Wang Jing
Wang Jing portrait Qing.jpg
A Qing dynasty illustration of Wang Jing
Master of Writing (尚書)
In office
255 (255)–260 (260)
MonarchCao Mao
Colonel-Director of Retainers (司隸校尉)
In office
255 (255)–260 (260)
MonarchCao Mao
Inspector of Yong Province (雍州刺史)
In office
? (?)–255 (255)
MonarchCao Fang / Cao Mao
Administrator of Jiangxia (江夏太守)
In office
? (?)–? (?)
Personal details
Linqing, Shandong
Luoyang, Henan
Courtesy nameYanwei (彦緯)

Wang Jing (died 260), courtesy name Yanwei, was a Chinese politician of the state of Cao Wei during the Three Kingdoms period of China.


Wang Jing was born in a peasant family in Qinghe Commandery (清河郡), which is around present-day Linqing, Shandong. He was nominated by the official Cui Lin, who was also from Qinghe Commandery, to serve in the Wei government. His mother once said that it was not a good sign if he got promoted very fast in his career. However, Wang Jing still rose through the ranks in the civil service quickly. He held office as the Administrator (太守) of Jiangxia Commandery (江夏郡; around present-day Xinzhou District, Wuhan, Hubei) and later as the Inspector (刺史) of Yong Province.

In 255, when Jiang Wei, a general from Wei's rival state Shu Han, led the Shu forces to attack Wei's Longxi Commandery (隴西郡; roughly present-day southern and southeastern Gansu), Wang Jing led a Wei army from Didao (狄道; present-day Lintao County, Gansu) to engage the enemy but was defeated. Wang Jing ended up being besieged by Shu forces in Didao. The siege was lifted when the Wei generals Chen Tai and Deng Ai showed up with reinforcements and drove the enemy back. Wang Jing was recalled back from Yong Province to the Wei imperial court in Luoyang and reassigned to be the Colonel-Director of Retainers (司隸校尉) and a Master of Writing (尚書).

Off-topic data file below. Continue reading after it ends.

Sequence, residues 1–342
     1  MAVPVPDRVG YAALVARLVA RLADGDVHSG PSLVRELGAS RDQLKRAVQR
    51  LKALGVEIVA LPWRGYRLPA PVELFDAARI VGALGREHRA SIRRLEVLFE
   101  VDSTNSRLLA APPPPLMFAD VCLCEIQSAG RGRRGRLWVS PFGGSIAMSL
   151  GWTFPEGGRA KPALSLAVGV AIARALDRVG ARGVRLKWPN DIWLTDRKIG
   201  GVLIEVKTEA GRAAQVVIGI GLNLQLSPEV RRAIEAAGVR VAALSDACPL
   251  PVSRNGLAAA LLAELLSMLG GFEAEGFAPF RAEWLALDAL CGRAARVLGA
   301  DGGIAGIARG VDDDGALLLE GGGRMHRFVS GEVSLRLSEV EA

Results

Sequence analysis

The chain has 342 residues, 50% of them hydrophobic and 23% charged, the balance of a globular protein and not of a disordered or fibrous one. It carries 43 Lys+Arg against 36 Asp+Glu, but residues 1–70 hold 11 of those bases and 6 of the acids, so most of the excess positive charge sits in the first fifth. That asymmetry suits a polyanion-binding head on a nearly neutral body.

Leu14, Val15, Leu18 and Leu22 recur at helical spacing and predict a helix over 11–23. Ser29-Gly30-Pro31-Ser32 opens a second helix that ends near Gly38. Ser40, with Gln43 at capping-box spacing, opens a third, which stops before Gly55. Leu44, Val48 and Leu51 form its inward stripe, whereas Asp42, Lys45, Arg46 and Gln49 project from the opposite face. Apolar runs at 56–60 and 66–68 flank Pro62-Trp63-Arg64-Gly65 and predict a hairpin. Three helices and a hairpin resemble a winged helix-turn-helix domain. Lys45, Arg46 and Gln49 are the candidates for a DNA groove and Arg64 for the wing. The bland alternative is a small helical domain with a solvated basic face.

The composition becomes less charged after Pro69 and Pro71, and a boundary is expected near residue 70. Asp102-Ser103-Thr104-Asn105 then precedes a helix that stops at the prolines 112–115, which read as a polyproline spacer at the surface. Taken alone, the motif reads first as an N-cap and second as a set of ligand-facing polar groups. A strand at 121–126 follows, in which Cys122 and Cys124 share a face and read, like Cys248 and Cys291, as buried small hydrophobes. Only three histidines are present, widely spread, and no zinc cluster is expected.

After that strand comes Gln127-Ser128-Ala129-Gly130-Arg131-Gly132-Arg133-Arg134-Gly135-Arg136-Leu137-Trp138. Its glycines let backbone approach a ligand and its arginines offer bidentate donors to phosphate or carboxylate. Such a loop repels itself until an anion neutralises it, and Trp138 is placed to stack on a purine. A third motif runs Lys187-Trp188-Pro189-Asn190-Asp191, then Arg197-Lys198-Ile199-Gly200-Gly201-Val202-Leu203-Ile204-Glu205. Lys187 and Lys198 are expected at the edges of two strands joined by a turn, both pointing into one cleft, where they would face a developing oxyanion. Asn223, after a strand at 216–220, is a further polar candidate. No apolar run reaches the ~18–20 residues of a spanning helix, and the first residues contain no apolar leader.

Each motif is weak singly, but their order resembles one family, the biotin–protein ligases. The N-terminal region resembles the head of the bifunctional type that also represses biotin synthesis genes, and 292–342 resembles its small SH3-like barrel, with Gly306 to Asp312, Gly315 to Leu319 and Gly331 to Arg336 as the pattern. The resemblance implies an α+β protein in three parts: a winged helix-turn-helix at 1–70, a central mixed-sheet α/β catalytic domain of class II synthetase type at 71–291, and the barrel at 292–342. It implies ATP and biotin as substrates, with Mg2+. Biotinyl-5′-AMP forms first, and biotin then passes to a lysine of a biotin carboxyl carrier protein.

In 260, the Wei emperor Cao Mao summoned Wang Jing, Wang Chen and Wang Ye to meet him in private and discuss plans to launch a coup to seize back power from the regent Sima Zhao. Cao Mao did not heed Wang Jing's suggestion and proceeded with the coup, but ended up being assassinated by Sima Zhao's men. After Cao Mao's death, Sima Zhao had Wang Jing and his mother arrested and executed.

In 266, after Sima Yan (Emperor Wu) ended the state of Wei and established the Jin dynasty, he issued an imperial decree to express sympathy for Wang Jing and his family. He appointed Wang Jing's grandson as a Gentleman Attendant (郎中).

See also